Yes, that's what happened to me yesterday. I went to school and sat in my office, and wasted my morning. But I made up for it in the afternoon.
Well, it has something to do with my love of reading. When I was little, back in Honolulu, my parents bought me a rather mediocre encyclopedia. I call it mediocre because it doesn't do justice with topics like the thicker ones, but it was well-suited for a kid at the age of 6. I read all the volumes. I didn't use it for reference, but instead, what I would do was I would pick a random volume, and open it at a random page, and start reading. I just loved knowing about new things.
So, with that in mind, yesterday morning, as I was checking my e-mail, and answering some of them, I came across some article about the Aral Sea. How it started to shrink over the decades and how it is so small compared to its original size.
Well, that's one thing that is good about the internet, one can read about plenty of information. So, one click lead to another. Where is Aral Sea? Apparently, it is located in between Kazakhstan and Uzbekistan. Wow. Can I go there? I saw the pictures of the marooned ships in a flat land, what used to be the bottom of the sea. There used to be a town that was situated on the harbor, but now, the nearest coast is 150 kilometers away. The town is called Moynaq, and by looking at the pictures, it is one of the saddest places on Earth.
So my thoughts drifted to whether I could somehow go there and visit.
Well, if some of you remember this post of mine a couple of weeks back, one of those sites are from Uzbekistan. This is one enigmatic destination for me that never fails to tantalize my being.
So, what if I go there? What would the necessary preparations consist of? I started searching airlines so that I would have an idea how much a ticket to Tashkent would cost. I looked up Tashkent Airport and saw that there are plenty of airlines that fly there, but the most reliable ones were Turkish Airlines and Aeroflot. I compared prices, given a 12-day trip, and it seems that it would be cheaper to fly via Moscow than via Istanbul. If I take the former route, a round-trip ticket from New York City to Tashkent via Moscow would cost 1140 USD, while if it is via Istanbul, then it costs 1780 USD. A rather big difference.
Ok, so via Moscow it is. Now I know that Russia usually requires a transit visa, but apparently, Belarus is the only CIS country that is considered a domestic flight in Russia. Thus, if I will be transiting thru Moscow Sheremetyevo Airport, I will never leave Terminal 2 (the International Terminal) and thus would not need a transit visa in order to fly to Uzbekistan. So that is settled.
I also need a visa. So I have to apply for one through the Consulate General of Uzbekistan in New York City. A tourist visa valid for one month costs 80 USD. And I can simply mail my application! But I have to have an endorsement from a travel agency, to prove that I am a tourist. That will come from the travel agency, so read on.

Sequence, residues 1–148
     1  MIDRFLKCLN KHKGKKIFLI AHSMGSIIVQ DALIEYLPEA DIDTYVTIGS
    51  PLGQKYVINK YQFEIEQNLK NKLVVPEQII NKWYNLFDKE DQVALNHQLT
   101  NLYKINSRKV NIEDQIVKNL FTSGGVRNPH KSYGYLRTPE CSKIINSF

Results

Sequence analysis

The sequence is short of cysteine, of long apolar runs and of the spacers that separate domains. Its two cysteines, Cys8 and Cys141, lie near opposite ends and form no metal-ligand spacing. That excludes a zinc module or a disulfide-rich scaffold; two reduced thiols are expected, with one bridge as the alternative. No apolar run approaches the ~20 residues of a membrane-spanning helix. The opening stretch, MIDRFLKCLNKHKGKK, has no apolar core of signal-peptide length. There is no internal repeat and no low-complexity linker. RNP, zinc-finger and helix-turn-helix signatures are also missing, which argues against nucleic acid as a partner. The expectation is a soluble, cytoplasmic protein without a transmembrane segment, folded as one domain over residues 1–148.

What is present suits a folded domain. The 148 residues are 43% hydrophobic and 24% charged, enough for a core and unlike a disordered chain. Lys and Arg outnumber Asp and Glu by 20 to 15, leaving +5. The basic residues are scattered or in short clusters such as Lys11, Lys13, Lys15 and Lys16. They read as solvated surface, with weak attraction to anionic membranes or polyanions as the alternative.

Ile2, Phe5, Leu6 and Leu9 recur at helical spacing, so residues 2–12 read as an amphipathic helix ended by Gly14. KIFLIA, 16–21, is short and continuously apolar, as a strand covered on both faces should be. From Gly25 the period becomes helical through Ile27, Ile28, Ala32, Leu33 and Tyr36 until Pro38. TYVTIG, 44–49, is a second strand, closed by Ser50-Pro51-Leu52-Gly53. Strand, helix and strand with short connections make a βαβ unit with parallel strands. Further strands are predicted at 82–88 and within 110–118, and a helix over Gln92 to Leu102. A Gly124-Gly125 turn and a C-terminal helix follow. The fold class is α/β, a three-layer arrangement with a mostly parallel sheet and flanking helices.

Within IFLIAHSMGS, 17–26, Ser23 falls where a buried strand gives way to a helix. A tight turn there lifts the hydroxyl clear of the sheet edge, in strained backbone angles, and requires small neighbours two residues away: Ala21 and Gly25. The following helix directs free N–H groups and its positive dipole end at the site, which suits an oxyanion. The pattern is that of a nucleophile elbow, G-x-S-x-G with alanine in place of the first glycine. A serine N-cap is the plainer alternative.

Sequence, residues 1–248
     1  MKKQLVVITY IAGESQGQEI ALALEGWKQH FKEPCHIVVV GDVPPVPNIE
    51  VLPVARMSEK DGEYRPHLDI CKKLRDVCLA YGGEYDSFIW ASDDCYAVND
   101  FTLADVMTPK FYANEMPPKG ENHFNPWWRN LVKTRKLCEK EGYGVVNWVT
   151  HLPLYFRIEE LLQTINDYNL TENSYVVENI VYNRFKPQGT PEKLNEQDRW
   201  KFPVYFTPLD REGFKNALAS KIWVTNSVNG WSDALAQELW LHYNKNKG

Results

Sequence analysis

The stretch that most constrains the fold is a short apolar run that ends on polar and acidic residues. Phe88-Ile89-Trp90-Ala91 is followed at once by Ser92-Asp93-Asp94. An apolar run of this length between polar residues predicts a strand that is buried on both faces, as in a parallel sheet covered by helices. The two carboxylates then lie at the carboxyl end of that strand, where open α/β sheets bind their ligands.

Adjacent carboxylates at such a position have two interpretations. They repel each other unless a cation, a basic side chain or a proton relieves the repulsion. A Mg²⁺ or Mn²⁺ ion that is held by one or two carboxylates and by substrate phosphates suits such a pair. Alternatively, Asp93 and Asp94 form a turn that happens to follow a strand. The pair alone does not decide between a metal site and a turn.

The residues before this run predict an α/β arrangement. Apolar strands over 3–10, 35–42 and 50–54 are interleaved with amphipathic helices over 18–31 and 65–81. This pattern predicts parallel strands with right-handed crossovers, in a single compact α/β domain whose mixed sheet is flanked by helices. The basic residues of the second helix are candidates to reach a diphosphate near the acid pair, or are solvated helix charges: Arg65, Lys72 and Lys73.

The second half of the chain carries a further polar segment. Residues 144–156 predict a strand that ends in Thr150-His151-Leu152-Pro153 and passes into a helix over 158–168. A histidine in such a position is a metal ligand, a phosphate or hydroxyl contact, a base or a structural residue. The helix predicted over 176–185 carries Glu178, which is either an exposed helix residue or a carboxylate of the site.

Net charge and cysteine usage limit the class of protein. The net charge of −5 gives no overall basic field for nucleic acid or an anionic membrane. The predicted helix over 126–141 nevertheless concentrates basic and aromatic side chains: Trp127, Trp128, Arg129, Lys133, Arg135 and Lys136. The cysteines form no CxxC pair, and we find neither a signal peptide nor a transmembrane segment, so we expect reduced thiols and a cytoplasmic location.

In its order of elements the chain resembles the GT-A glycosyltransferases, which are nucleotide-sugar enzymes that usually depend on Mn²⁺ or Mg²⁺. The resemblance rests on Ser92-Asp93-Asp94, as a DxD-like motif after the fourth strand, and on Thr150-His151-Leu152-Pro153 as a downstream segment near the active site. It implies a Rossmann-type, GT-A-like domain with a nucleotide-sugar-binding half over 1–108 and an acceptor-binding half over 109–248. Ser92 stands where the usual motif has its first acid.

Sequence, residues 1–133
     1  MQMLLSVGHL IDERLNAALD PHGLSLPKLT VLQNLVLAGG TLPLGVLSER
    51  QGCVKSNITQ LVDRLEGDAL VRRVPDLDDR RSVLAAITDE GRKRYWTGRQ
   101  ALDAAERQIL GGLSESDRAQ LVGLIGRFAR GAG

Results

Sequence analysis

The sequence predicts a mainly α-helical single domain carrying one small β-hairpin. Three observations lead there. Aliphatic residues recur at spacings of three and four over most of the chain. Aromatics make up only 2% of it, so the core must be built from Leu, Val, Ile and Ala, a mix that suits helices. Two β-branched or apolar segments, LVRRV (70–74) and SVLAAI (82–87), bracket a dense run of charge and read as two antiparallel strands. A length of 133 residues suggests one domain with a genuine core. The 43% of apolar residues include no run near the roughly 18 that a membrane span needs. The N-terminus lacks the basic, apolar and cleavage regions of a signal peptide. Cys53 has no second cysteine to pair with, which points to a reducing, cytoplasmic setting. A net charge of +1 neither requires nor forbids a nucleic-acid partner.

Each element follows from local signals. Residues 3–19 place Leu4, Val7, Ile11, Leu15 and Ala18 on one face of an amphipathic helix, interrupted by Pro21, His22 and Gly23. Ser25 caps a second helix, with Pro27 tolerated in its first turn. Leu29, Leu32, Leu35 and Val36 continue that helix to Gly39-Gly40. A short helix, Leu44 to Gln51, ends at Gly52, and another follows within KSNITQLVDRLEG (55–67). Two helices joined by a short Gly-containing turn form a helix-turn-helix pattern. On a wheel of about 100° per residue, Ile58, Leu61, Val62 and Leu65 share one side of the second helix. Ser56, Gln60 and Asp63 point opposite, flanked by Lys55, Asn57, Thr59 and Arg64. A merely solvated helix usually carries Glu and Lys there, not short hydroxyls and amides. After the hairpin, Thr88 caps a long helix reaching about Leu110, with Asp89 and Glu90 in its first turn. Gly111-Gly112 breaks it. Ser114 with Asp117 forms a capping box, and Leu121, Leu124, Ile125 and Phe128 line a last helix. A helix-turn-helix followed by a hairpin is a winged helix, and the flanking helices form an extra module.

Given the fact that Uzbekistan isn't really a place in everyone's destination list, most of the time, tourists go there by package tour. I looked up a couple of tourist agencies offering tours in the country, and so far I think I found what I like the most, here. I looked at the places that they would be going and amazingly, all the UNESCO World Heritage Sites in Uzbekistan will be visited; the Historic Centre of Bukhara, the Historic Centre of Shahrisabz, the Itchan Kala in Khiva, and of course, the Registan in Samarqand. And guess what, even Moynaq, with the abandoned fishing ships in the former coast, will also be visited as well.
That's not it. I do have somewhat paranoid parents, in the sense that they think I would be kidnapped whenever I am not in North America, Europe, or some other first-world nation. Actually, they first discouraged me from going to South America a year ago because I may be kidnapped. So, I looked up the necessary numbers and addresses of who to call in case I may have problems in the country. Unsurprisingly enough, the Philippines does not maintain an embassy in Uzbekistan. The Philippine Embassy in Moscow has the oversight for Uzbek affairs. So, I made a head note about that as well.
So there you go, that's how one wastes the whole morning. Dreaming about a mysterious and enigmatic trip in the future. Don't worry, I assure my readers that I won't be embarking on this trip next May. My trip for next May already has its guidebook sitting on my table. But it isn't off my list of future destinations either.
Then, I had lunch, and realized that I needed to do some work somehow.
So, in the afternoon, I plugged in my headphones, and listened to a number of albums by Apocalyptica, a Finnish band who plays metal music using cellos. It gave me drive and was able to accomplish a lot of my encoding, transferring my data from paper to an Excel sheet.
So that's how you waste a morning and make up for it in the afternoon. And in the evening, you gather four of your friends and have dinner. We went to again, Jasmine, the Thai restaurant that I ate with a friend a couple of days ago. This time, I bumped into a former student of mine, or rather, she was a student of my professor, and I was a TA. I remembered her name, and greeted her cordially, so that she won't spit on my food. I didn't remember her to be a stellar student.
Anyway, so that was my day yesterday. Enjoy the flowers of my Ecuadorian Flora Series. There's tons more to come.